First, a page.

The Cleveland Orchestra receives $2.5 million gift from The Eric & Jane Nord Family Fund
New campaign support will sustain educational programming for students of all ages and concert access for young people
The Cleveland Orchestra has recently received a substantial gift from the Eric & Jane Nord Family Fund that will be used to sustain the orchestra’s educational programming for students throughout the Northeast Ohio area. This gift is one of the biggest donations to the education program. The gift also supports the Sound for the Centennial Campaign.
“This generous endowment gift from the Eric & Jane Nord Family Fund helps to ensure that music education and community engagement programs remain available for future generations. You can’t take it for granted any more that young people are exposed to great art, so we have to reach out…we want to be present in the schools, in the lives of Clevelanders, so they not only experience the joy of music, but also that we become a part of their lives,” said Cleveland Orchestra Music Director Franz Welser-Möst.
The Eric & Jane Nord Family Fund will contribute a total of $250,000 toward annual operating costs associated with delivering education and community programs, and $2.25 million has been pledged to the creation of an endowment fund. The gift follows major grant awards this season from The Cleveland Foundation, The George Gund Foundation, The John S. and James L. Knight Foundation, The Kulas Foundation, The Andrew W. Mellon Foundation, and The John P. Murphy Foundation. The Cleveland Orchestra’sSound for the Centennial Campaign will build the Orchestra’s endowment through its centennial in 2018, while securing broad-based annual support from across Northeast Ohio.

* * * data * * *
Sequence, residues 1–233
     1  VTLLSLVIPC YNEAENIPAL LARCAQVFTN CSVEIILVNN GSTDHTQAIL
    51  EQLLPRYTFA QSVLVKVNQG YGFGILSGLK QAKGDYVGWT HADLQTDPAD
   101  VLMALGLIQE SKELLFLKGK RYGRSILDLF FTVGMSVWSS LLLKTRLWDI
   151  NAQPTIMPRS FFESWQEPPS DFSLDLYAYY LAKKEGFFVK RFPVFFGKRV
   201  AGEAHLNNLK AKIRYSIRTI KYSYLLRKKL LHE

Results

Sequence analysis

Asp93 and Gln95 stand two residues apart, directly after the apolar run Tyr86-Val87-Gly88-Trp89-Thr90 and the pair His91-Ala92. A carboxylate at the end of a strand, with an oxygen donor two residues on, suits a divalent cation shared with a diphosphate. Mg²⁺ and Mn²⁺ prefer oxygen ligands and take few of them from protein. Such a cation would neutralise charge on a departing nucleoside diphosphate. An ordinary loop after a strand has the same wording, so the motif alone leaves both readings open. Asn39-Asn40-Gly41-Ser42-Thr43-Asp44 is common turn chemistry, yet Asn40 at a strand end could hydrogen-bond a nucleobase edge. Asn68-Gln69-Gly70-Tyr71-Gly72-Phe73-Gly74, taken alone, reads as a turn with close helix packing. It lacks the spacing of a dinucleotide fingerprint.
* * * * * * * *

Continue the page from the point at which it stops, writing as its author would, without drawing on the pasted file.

The Eric & Jane Nord Family Fund
In keeping with the founders' value of community service, The Eric & Jane Nord Family Fund looks for opportunities that build knowledge and capacity within our communities of place and concern. The Fund makes grants to organizations that are qualified to receive tax-deductible contributions under Section 501(c)(3) of the Internal Revenue Code and that are effective in the following areas of concern: the arts, the environment, education, and social services.
The Cleveland Orchestra’s Education and Community Programs
Education and service to the community have always been central to the mission of The Cleveland Orchestra. Since 1918, the Orchestra has introduced more than four million Cleveland-area schoolchildren to symphonic music. In 2009, Music Director Franz Welser-Möst reinstated Cleveland Orchestra performances in Cleveland-area high schools, for the first time in 35 years. The Orchestra performs free community concerts each year in Severance Hall and downtown Cleveland, and in 2013 introduced an annual week-long local residency including 16 neighborhood-based public concerts and events.
In Cleveland Metropolitan School District pre-K classrooms, the Orchestra provides innovative programs for students, to help teachers use music to support the curriculum, actively engaging young children in the joy and benefits of music, while equipping them with critical school-readiness skills. Orchestra musicians work with teachers in K-5 academic classrooms throughout the region in the Learning Through Music program, using music to support teaching and learning in math, science, and language arts. Cleveland Orchestra musicians also coach top-level high-school music students through the Cleveland Orchestra Youth Orchestra and Choruses, chamber ensembles, and region-wide clinics.
The Cleveland Orchestra continues its mission to increase access by offering free tickets to young people 17 and under for every Blossom Music Festival concert, as well as select concerts at Severance Hall. More than 38,000 young people have attended Blossom Music Festival concerts through the “Under 18s Free” ticket program since 2011. The number of students attending Cleveland Orchestra concerts at Severance Hall in the 2012-13 season has more than doubled over the 2011-12 season. In the 2012-13 season at Severance Hall, each evening subscription concert was attended by more than 200 students, on average — at some concerts, students represented 20% of the audience.